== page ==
BRENT KLEINMAN: That's really going to be on a case-by-case basis because certain companies have incredible plans for people. And if they were given that through the domestic partnership relationship but they're choosing not to get married, they may not get that same benefit, whereas there are people who have fairly horrible plans and they can do better independently of each other.

STEVE GOLDSTEIN: Based on the fact that the Supreme Court came out with this ruling and the fact there are still not antidiscrimination laws in effect in Arizona, could we see the same sort of legal battles come with that? Are you hearing from people that they were excited about this one legal aspect, and now they need to take a breather or they realize that maybe there's momentum, we need to push for this now as well?

BRENT KLEINMAN: Arizona, you've got both sides of this looking that this is just the race has just started. If you compare this like to Daytona 500, this is lap one. There is a lot to go. And both sides really want to get their parts back in place. And I believe for same-sex marriages, in an Arizona culture that's not going to accept that, they have a lot to fight for still, but I believe with the national swing of things, it's going to go in their favor.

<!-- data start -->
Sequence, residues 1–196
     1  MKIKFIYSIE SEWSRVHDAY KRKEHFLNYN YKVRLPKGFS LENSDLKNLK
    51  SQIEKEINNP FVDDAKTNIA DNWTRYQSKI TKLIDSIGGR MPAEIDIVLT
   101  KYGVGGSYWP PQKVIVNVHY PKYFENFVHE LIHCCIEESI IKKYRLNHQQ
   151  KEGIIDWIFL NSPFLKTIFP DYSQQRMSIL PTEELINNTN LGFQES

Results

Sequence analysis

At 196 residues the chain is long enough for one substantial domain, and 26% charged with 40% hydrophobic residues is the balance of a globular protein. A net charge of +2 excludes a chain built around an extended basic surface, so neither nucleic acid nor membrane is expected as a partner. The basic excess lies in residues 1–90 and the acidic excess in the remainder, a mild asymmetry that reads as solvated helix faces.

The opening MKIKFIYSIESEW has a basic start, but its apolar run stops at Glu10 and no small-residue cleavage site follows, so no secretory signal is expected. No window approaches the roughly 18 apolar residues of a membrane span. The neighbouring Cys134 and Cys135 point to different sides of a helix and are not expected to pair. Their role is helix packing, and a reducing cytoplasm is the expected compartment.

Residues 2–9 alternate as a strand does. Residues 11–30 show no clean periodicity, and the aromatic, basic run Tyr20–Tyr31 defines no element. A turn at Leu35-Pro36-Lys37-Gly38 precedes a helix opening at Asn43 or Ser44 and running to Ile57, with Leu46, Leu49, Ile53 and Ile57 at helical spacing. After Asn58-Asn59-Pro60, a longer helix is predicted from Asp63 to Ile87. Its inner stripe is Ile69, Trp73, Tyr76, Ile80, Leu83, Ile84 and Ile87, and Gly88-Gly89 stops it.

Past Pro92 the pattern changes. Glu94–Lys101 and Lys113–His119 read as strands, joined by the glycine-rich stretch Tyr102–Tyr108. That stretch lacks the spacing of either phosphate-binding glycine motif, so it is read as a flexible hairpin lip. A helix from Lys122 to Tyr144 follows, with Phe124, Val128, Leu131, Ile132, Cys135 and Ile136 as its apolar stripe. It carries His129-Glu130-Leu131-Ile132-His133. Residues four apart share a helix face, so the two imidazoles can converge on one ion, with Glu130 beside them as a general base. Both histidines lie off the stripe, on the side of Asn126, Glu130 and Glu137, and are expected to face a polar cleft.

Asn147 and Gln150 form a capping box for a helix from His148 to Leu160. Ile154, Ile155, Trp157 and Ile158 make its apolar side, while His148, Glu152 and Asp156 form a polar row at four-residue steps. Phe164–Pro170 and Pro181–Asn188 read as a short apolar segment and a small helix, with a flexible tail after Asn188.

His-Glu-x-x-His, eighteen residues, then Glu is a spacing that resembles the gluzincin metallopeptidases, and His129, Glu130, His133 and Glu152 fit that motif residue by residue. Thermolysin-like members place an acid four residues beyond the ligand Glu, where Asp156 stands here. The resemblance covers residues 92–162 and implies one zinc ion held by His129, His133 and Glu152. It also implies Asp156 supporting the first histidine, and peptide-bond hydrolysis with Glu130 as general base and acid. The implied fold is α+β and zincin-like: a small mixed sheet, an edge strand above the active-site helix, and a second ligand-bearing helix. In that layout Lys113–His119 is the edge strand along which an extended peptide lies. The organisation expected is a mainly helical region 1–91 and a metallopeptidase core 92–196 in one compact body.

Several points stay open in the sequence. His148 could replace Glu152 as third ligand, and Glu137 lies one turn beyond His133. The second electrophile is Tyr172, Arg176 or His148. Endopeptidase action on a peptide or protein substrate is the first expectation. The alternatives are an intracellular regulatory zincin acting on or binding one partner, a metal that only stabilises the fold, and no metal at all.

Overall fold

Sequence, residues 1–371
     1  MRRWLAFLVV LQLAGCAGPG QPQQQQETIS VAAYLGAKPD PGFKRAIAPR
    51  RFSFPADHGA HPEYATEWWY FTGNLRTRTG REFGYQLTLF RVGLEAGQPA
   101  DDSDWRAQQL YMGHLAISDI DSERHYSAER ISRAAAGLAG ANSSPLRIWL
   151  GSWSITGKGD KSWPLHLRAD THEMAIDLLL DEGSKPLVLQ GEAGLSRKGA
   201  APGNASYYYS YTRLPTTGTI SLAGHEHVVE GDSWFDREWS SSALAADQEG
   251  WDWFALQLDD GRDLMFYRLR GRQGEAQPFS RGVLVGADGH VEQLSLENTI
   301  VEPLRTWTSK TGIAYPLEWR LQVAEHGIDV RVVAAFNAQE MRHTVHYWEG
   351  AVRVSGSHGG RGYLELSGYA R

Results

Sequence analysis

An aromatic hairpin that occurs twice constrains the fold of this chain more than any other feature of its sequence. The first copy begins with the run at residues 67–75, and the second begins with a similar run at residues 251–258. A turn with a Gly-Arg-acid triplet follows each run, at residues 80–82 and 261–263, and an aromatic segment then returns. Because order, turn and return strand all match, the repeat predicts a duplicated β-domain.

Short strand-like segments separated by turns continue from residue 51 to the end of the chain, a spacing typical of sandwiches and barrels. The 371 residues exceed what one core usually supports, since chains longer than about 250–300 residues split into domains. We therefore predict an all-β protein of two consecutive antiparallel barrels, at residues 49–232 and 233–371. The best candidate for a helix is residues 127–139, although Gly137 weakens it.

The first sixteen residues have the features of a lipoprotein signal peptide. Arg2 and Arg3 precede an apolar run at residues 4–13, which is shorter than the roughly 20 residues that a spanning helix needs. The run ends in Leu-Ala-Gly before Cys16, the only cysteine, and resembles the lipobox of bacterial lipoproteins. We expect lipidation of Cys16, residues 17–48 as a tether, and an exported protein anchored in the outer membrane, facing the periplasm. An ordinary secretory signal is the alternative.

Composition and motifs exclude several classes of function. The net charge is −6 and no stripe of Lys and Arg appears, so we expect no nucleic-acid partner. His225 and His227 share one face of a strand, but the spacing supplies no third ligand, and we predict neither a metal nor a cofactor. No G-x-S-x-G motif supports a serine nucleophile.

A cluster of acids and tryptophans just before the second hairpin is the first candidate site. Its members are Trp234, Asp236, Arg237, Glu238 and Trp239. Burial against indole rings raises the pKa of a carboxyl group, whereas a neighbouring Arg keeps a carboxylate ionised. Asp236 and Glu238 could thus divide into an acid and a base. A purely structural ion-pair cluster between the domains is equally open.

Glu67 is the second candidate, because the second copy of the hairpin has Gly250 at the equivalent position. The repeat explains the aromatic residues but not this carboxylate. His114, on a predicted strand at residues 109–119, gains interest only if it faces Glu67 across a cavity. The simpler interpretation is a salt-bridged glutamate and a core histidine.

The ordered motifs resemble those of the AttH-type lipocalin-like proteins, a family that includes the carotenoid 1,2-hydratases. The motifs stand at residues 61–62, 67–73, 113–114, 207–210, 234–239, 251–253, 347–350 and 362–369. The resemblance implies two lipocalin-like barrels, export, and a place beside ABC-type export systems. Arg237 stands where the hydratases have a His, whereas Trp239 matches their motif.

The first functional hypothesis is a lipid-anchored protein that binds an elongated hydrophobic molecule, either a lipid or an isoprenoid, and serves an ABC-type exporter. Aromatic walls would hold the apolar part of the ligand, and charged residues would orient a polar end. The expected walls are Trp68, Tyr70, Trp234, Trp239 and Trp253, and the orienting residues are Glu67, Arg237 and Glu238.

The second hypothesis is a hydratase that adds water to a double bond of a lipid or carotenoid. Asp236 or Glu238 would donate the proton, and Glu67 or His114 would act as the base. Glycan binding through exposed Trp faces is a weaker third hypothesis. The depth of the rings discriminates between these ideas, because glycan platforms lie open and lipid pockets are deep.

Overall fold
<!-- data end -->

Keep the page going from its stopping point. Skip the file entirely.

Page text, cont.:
STEVE GOLDSTEIN: What about the impact of Phoenix passing the antidiscrimination law? Could that influence the state in any way?

BRENT KLEINMAN: I wish it could. I don't think so. I think the state is a very different political dynamic than the city of Phoenix or city of Tempe for that matter.